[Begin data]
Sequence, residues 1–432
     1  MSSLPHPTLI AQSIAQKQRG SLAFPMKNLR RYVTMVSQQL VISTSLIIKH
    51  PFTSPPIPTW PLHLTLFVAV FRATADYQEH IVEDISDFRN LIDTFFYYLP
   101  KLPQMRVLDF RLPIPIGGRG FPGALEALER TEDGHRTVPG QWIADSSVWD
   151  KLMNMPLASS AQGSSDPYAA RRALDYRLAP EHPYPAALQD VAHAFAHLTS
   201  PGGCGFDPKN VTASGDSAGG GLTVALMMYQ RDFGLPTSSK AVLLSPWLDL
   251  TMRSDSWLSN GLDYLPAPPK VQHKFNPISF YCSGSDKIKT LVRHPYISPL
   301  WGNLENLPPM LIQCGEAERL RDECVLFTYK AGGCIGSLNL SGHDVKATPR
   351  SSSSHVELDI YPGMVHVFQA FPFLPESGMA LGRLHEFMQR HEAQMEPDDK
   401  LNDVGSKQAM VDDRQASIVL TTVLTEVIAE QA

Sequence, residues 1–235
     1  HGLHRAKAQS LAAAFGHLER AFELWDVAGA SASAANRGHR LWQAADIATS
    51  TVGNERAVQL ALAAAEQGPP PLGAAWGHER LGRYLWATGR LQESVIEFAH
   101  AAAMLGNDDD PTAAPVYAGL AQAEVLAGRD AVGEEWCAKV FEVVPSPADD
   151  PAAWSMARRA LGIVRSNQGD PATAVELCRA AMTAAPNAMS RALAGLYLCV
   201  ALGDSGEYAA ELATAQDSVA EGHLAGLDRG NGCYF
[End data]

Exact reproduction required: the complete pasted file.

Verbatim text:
Sequence, residues 1–432
     1  MSSLPHPTLI AQSIAQKQRG SLAFPMKNLR RYVTMVSQQL VISTSLIIKH
    51  PFTSPPIPTW PLHLTLFVAV FRATADYQEH IVEDISDFRN LIDTFFYYLP
   101  KLPQMRVLDF RLPIPIGGRG FPGALEALER TEDGHRTVPG QWIADSSVWD
   151  KLMNMPLASS AQGSSDPYAA RRALDYRLAP EHPYPAALQD VAHAFAHLTS
   201  PGGCGFDPKN VTASGDSAGG GLTVALMMYQ RDFGLPTSSK AVLLSPWLDL
   251  TMRSDSWLSN GLDYLPAPPK VQHKFNPISF YCSGSDKIKT LVRHPYISPL
   301  WGNLENLPPM LIQCGEAERL RDECVLFTYK AGGCIGSLNL SGHDVKATPR
   351  SSSSHVELDI YPGMVHVFQA FPFLPESGMA LGRLHEFMQR HEAQMEPDDK
   401  LNDVGSKQAM VDDRQASIVL TTVLTEVIAE QA

Sequence, residues 1–235
     1  HGLHRAKAQS LAAAFGHLER AFELWDVAGA SASAANRGHR LWQAADIATS
    51  TVGNERAVQL ALAAAEQGPP PLGAAWGHER LGRYLWATGR LQESVIEFAH
   101  AAAMLGNDDD PTAAPVYAGL AQAEVLAGRD AVGEEWCAKV FEVVPSPADD
   151  PAAWSMARRA LGIVRSNQGD PATAVELCRA AMTAAPNAMS RALAGLYLCV
   201  ALGDSGEYAA ELATAQDSVA EGHLAGLDRG NGCYF